Seropositivity to CMV at both or either examinations, at entry or after 3.5 years, was found in 125 cases (85%). There was no association between high titers of CMV antibodies and high titers of C pneumoniae antibodies (data not shown).
The clinical outcome during 6.5 years of follow-up in relation to C pneumoniae antibody levels is presented in Table 5⇓. In the group with low antibody titers, there was 1 case of hemorrhagic stroke and 1 case of ischemic stroke, whereas the corresponding numbers in the high titer group were 2 and 8, respectively. In addition, there was 1 patient with no available CT brain scan after the event in the high-titer group.
As shown in Table 6⇓ and Figure 1⇑, high titers of antibodies to C pneumoniae were associated with significantly increased risks for future stroke or the occurrence of any cardiovascular event (RRs of 8.58 and 2.69, respectively) after adjustment for previous cardiovascular disease, for smoking, and for group allocation in the underlying multiple risk factor intervention study. Similarly, a high titer of circulating immune complex was associated with a borderline significant RR (3.61) of future stroke (P=0.053; 95% CI, 0.98 to 13.27), whereas the corresponding risk for any cardiovacular event was 2.09 (P=0.10; 95% CI, 0.88 to 4.98).
A high titer of antibodies to CMV was not associated with future stroke or any cardiovascular event, and the relative risk of cardiovascular death was reduced (Table 7⇓).
The results from this prospective study of treated hypertensive men indicate that high titers of circulating antibodies to C pneumoniae, but not CMV, are associated with increased risks for future stroke or the combined end point of cardiovascular events such as fatal or nonfatal stroke or myocardial infarction (time to first event). However, this is an observation based on serological analyses of frozen serum samples obtained within the frame of a previous multiple risk factor intervention study,10 11 12 13 and there are a number of methodological issues to address.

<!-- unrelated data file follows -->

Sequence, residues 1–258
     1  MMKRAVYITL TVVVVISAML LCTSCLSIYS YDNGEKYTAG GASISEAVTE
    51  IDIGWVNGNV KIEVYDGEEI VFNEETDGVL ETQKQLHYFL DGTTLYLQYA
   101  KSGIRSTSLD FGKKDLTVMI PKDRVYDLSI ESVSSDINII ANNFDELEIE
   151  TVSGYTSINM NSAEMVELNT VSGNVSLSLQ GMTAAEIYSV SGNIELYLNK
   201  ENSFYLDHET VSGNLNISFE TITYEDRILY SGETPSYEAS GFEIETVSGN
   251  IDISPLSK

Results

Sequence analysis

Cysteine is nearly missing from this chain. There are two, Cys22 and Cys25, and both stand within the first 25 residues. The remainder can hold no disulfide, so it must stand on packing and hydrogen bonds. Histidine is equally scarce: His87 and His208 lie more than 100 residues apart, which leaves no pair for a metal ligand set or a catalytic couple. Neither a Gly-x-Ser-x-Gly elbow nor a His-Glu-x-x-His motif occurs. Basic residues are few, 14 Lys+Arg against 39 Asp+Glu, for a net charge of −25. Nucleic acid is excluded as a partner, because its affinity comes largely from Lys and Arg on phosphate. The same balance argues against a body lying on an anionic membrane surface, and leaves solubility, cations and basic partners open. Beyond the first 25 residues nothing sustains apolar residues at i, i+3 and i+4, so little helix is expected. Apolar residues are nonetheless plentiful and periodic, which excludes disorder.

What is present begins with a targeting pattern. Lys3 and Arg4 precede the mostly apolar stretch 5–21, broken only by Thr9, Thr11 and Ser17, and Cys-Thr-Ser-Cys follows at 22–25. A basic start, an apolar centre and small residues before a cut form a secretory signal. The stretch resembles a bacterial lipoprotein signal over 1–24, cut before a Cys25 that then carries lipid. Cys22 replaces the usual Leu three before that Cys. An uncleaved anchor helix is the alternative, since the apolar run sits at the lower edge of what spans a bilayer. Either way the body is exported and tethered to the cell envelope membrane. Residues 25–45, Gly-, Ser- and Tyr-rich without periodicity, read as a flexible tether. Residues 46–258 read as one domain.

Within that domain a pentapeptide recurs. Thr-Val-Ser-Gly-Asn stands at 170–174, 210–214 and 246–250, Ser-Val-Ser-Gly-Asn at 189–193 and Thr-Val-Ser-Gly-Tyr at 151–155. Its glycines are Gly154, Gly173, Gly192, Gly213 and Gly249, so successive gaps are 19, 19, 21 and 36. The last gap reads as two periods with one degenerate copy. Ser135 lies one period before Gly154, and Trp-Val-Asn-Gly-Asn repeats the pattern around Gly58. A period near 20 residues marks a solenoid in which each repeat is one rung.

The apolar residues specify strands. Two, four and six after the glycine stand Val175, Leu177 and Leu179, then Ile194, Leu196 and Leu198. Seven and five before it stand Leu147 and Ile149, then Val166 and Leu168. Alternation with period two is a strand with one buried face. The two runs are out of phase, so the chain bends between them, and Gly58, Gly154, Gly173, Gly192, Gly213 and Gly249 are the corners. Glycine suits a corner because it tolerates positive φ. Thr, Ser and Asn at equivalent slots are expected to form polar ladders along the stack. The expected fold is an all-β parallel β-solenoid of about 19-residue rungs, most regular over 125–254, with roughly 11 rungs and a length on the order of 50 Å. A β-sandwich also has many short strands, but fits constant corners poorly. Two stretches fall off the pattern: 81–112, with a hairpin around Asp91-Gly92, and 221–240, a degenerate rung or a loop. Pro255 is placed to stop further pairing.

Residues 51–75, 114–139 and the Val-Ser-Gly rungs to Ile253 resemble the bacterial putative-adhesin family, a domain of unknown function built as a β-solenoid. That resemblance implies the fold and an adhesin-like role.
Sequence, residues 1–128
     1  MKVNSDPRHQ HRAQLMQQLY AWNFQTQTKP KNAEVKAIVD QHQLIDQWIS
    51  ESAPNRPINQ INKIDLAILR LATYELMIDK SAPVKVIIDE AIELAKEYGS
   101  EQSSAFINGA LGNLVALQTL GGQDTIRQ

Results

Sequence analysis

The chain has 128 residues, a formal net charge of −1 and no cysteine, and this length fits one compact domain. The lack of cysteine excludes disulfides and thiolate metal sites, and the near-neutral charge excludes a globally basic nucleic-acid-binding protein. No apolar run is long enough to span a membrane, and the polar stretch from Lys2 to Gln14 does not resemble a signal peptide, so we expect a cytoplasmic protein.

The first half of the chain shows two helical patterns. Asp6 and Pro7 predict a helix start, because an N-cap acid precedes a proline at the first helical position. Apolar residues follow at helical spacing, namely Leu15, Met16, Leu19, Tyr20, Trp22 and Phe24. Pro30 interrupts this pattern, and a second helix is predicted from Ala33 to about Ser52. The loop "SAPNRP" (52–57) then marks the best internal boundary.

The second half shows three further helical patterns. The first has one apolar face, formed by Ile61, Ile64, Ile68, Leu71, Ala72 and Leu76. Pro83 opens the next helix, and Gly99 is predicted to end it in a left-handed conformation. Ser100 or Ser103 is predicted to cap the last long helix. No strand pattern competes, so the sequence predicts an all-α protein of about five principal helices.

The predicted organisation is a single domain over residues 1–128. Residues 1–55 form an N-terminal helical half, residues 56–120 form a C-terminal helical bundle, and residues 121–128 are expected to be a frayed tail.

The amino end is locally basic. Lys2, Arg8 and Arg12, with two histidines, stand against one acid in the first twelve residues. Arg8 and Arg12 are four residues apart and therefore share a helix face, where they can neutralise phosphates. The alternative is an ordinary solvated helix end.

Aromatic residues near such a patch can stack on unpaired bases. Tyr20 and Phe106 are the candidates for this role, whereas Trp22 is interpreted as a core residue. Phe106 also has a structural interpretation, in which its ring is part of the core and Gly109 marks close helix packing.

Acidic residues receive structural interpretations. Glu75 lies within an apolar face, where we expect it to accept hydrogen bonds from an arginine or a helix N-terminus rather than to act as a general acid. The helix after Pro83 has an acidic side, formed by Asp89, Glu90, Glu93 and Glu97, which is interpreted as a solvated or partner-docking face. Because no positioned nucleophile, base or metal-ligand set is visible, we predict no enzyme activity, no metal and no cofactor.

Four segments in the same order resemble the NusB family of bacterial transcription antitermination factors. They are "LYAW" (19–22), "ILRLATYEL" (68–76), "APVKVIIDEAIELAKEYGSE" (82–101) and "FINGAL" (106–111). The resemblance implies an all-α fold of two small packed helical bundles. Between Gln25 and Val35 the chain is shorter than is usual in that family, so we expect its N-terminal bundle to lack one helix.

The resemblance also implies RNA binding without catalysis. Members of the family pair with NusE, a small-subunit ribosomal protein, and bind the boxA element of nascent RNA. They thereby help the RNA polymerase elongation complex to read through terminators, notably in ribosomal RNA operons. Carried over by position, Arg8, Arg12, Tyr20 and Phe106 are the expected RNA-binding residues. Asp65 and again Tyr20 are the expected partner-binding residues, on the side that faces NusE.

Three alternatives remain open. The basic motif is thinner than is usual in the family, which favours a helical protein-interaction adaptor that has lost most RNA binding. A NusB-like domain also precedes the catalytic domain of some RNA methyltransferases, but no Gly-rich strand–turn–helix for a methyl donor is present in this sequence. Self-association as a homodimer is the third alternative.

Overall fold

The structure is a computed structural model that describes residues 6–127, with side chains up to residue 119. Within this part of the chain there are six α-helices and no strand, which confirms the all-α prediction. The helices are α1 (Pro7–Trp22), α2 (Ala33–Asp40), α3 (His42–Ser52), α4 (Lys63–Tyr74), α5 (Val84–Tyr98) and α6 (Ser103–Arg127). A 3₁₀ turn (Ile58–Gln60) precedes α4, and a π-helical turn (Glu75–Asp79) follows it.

It may be difficult to obtain relevant information on the persistence of an infectious agent by use of serological tests.1 Various combinations of antibody fractions and various cut-off titers to define C pneumoniae seropositivity have been used in previous studies.1 We used predefined cut-off limits based on results from several studies,2 3 15 including studies that have related seropositivity to other evidence of active chronic C pneumoniae infection.18 19 20 21 Both IgA and IgG antibodies were used because they confer complementary information on the host–C pneumoniae interaction: some patients do not respond to C pneumoniae infection with specific antibodies of both the IgG and IgA classes.19 20 21 The reason for this is not known. The results demonstrated that both elevated IgA and IgG titers remained high after a median follow-up period of several years. By analyzing duplicate serum samples obtained with an interval of several years, we also had the opportunity to examine whether the suggested decision limits were associated with evidence of a persistent infection, as indicated by stable high titers. This was the case, because 97% of the patients who had either or both of the IgA or IgG antibody titers elevated at entry had persistent high levels at the reexamination. In addition, the patients with high titers also had high levels of circulating immune complexes, containing C pneumoniae protein antigen, indicating the presence of the bacterium. High titers of circulating immune complex were also associated with an RR of 3.61 (95% CI, 0.98 to 13.27) for future stroke. Only 1 patient had raised IgM titers as evidence of recent infection. Thus, it seems reasonable to assume that patients with high titers of either or both IgA and IgG antibodies suffered from a chronic C pneumoniae infection.